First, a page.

Teaching discernment means helping your grandchildren navigate between what is true and what is false, what is right and what is wrong. They will need discernment as they make all kinds of decisions throughout life: regarding their friends, their lifestyle, the media and entertainment they watch or listen to, the games they play, the money they spend, and ultimately, the life they lead. Where there is little or no discernment, our grandchildren can falter.

As grandparents, helping your grandchildren grow in discernment can be accomplished by telling stories about good and bad choices you have made and how they have impacted your life. My grandchildren love to hear me tell about my lack of discernment growing up—and they like to hear those stories over and over.

One of their favorites is from a time in my childhood, right before Halloween, when I took two candy bars from a supply that the Girl Scouts were saving for their meeting. As a consequence, my father didn’t let me trick or treat that year. My punishment was to stand at our front door and pass out candy to all the trick-or-treaters. My grandkids smile with delight when I tell them what that was like, and it becomes a talking point for why we shouldn’t steal.

This is our challenge: At appropriate times in their lives, are you communicating to your grandchildren about the truth that has “set you free”? Are you looking for teachable moments that come along to briefly share with them about that truth? Are you open to sharing how that truth has set you free?

Another important part of teaching children discernment is helping them contrast the real from the fake. Things that are true and authentic should emanate from a grandparent’s speech and life. We can help keep them from being led astray by giving them lots of exposure to our integrity.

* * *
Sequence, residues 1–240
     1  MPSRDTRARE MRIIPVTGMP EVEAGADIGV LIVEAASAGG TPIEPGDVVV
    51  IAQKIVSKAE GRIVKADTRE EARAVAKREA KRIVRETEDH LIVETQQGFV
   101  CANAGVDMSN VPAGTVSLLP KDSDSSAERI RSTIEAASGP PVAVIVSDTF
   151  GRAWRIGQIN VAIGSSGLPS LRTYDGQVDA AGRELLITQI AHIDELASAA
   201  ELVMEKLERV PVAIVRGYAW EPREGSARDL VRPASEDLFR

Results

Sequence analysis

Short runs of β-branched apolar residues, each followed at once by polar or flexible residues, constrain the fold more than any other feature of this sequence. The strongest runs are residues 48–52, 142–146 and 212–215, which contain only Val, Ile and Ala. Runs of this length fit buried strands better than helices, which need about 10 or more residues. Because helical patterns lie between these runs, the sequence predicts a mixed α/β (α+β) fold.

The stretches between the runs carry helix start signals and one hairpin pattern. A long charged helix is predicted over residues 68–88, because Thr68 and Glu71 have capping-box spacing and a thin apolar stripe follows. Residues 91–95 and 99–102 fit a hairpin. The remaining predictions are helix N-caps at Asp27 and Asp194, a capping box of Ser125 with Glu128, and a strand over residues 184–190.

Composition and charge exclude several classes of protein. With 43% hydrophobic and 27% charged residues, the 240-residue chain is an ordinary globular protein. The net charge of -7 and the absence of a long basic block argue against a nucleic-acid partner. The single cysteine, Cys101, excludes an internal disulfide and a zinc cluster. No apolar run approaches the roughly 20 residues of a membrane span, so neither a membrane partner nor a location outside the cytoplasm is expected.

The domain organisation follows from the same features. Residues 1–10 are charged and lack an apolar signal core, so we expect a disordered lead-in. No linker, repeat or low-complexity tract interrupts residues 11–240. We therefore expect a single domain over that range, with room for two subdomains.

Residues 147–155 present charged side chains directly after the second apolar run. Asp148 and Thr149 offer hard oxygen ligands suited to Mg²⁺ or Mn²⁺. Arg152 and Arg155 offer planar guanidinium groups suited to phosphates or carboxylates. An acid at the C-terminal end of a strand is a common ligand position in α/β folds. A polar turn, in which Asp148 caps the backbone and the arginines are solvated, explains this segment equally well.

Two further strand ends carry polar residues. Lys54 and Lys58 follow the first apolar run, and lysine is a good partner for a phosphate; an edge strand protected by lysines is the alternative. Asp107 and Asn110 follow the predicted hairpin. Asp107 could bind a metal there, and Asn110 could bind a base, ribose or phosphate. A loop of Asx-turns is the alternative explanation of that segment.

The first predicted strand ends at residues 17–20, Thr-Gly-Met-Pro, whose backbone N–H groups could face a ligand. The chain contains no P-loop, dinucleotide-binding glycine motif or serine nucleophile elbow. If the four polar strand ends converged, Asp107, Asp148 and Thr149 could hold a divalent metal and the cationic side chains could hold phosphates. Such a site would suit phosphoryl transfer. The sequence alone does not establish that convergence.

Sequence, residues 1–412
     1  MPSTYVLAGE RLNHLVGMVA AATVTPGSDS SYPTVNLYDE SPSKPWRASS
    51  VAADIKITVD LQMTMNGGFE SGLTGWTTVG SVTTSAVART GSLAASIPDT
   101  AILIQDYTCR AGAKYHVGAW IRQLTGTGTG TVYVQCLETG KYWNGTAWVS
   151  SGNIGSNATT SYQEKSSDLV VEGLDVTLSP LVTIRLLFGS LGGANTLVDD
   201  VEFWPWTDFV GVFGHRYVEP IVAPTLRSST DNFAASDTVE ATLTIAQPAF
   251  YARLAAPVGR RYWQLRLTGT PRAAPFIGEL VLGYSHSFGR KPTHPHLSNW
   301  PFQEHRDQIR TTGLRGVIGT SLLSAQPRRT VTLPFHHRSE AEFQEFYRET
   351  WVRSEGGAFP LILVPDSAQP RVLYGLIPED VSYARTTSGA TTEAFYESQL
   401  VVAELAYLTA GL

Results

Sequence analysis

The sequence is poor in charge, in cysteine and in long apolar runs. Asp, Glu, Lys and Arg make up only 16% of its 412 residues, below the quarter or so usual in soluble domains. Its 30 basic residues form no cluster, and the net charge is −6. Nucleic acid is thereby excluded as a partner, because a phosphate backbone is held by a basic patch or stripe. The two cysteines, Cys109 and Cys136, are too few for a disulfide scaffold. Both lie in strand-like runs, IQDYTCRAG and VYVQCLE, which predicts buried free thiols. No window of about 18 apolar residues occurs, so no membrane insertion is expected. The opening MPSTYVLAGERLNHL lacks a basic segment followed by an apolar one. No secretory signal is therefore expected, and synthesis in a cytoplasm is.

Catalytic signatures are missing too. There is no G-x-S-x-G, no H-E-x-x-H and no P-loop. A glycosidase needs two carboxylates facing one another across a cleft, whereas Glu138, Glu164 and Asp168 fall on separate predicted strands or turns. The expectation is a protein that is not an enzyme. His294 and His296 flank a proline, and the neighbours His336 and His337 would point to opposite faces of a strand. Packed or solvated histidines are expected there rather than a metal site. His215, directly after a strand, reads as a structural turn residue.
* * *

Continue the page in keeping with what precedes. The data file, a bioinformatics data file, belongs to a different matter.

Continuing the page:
Here’s an example using American currency. What’s the best way to train someone to spot a counterfeit $100 bill? It might seem wise to make the person aware of the common methods of copying the original, and then use fake bills as examples of what to look for. But actually, the primary method for training employees to spot counterfeits is a thorough study of authentic $100 bills. When someone is very, very familiar with the real thing, down to precise details, then it’s much easier to spot a fake.

That’s how it is with us! We need to live authentically and stand for what we believe, and allow our grandchildren opportunities to be very familiar with us and our values.

Next Steps

With these three aspects of grandparenting in focus—Listening, Learning and Leading—we can accomplish much. Putting these simple skills into practice can drive us to deeper considerations about our goals and purposes as grandparents.

So, here’s a teaser for my “Grandparenting at Its Best” article in our next issue: If you were to craft a mission statement for your grandparenting, what would it look like? More specifically, what are your goals, plans and hopes for your grandchildren, and how are you fulfilling them? Writing such a document can be powerful.

Until then, may your listening increase, your learning expand, and your leadership as a grandparent be intentional.